The HardCoreSwim of the week goes to Michael Andrew for breaking two National Age Group Records at the Minneapolis Grand Prix. At a meet where 2013 may have been the best edition yet (Agnel vs. Dwyer in the 200 free, Cielo in the 50 free, Cielo vs. Adam Brown in the 100 free), Andrew’s swims really stood out as he started to make serious moves beyond being just a ‘notable finisher’ due to his age, and to a point where he’s really taking on some big-name swimmers.
First, Andrew was a 48.78 in the 100 yard fly to break Michael Domagala’s mark. Then he swam a 55.96 to break Tanner Kurz’s record.
Yes, Andrew is big for his age, standing around 6’3″ or 6’4″ tall. Here’s the thing, though: at 14, he’s almost to the age where being too tall can’t be used as a slight against him. Yes, some swimmers are tall (Yannick Agnel is a great example), but those physical attributes are one part of what goes into the determination of an athlete’s skill. That’s as true in swimming as it is in any other sport, and he’s now at an age where he’s far from the only kid who’s poking into those heights.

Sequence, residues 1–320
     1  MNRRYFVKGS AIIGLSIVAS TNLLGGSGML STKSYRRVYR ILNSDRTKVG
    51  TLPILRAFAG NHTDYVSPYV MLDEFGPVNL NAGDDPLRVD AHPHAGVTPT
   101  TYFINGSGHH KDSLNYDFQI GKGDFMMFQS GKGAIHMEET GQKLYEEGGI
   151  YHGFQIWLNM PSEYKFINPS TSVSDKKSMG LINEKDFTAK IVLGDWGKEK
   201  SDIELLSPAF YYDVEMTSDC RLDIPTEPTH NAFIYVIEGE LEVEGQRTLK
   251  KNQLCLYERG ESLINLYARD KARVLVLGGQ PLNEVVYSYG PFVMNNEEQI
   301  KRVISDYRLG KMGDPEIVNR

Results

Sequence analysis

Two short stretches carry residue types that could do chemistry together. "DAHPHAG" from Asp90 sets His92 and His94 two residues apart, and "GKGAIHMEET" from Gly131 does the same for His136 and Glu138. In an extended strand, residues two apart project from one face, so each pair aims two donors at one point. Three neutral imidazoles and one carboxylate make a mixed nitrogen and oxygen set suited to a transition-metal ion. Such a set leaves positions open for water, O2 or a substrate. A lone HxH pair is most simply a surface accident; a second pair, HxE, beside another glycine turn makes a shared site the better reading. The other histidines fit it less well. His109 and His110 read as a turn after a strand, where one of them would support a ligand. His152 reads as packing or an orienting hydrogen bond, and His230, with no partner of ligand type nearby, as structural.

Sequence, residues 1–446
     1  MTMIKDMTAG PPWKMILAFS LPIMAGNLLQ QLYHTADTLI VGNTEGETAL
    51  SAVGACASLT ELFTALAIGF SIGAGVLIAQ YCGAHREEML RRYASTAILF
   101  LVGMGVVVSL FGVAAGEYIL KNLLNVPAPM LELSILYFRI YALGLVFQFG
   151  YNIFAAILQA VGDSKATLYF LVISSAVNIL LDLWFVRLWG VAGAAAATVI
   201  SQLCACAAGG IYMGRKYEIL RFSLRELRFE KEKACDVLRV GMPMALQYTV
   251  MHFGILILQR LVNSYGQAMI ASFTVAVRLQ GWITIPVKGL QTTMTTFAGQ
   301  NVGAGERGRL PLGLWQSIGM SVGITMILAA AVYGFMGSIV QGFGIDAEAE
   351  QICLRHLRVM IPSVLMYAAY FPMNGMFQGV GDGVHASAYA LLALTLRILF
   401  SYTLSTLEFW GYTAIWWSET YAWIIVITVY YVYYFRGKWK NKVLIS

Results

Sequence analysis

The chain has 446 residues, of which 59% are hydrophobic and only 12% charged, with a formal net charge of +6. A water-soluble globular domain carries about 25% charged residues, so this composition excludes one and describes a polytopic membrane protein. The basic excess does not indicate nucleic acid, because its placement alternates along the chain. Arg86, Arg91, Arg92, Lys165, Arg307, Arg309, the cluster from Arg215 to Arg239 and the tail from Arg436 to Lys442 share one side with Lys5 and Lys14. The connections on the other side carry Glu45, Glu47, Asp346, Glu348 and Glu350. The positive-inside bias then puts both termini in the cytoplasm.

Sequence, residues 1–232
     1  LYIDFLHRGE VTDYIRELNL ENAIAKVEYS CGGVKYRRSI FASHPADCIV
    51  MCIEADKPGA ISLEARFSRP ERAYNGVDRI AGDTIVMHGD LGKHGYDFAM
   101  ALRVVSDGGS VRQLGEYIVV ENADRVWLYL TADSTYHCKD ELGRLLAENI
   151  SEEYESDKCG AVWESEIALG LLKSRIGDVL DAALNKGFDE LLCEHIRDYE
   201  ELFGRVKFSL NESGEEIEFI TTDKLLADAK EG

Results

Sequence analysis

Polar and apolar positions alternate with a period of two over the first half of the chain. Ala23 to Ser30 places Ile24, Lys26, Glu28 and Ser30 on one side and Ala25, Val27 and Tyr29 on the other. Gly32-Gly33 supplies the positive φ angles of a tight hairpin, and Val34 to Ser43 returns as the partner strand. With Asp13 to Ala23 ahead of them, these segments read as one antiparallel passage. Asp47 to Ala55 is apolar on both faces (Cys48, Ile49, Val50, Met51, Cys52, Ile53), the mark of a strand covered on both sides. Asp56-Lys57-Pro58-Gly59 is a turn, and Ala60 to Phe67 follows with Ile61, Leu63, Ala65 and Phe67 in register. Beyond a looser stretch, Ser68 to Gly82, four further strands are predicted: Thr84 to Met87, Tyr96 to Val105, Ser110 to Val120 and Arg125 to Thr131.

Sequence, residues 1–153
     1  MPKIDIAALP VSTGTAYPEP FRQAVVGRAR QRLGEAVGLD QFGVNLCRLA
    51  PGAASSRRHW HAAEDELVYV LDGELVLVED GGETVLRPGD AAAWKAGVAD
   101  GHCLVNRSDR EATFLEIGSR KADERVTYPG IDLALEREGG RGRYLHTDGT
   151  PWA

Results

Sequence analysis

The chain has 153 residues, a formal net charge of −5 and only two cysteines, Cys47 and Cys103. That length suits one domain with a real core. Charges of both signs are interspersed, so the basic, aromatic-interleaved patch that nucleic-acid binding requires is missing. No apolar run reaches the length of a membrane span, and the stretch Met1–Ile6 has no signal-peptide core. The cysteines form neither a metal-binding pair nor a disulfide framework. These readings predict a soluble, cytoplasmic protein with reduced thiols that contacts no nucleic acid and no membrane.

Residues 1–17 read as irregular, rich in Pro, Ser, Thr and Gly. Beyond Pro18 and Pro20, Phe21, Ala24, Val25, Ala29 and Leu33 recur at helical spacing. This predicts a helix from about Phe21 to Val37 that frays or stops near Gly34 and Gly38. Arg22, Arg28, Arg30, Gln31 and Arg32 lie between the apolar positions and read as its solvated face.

I think that the versatility that he showed off at that meet was also pretty special, and perhaps undervalued (this is the secret to his Ultra Short training that isn’t talked about as much).
Since 1999, when the great Milorad Cavic became the first 14-year old under 50 seconds in the 100 yard fly, 16 have done the same. Of those 16, only two have been under a minute in the 100 breaststroke.
Franco Reyes, Andrew’s peer, was a 58.6 in the 100 breast in the spring and a 49.7 in the 100 fly. In 2009, Ian Burns was a 58.9 in the 100 breast and a 49.8 in the 100 fly.
Andrew was a full second better than both of those guys on his fly, and around three seconds faster in his 100 breaststroke! That’s a truly shocking difference!
Maybe the slight disappointment is that he went only the second-fastest 200 yard IM time in 13-14 history at the meet with a 1:49.09 – still a full second behind Gray Umbach’s National Age Group Record of 1:48.08. Given that Andrew was a 50.2 in the 100 back at his meet and has been a 45.6 in the 100 free (he didn’t swim it in Minneapolis), it seems like just a matter of time before that record goes down as well. Arguably, right now, his backstroke is his weakest stroke, and he’s still 9th on the all-time age group list! Andrew is just firing on all cylinders right now in short course, and it’s impressive to watch.
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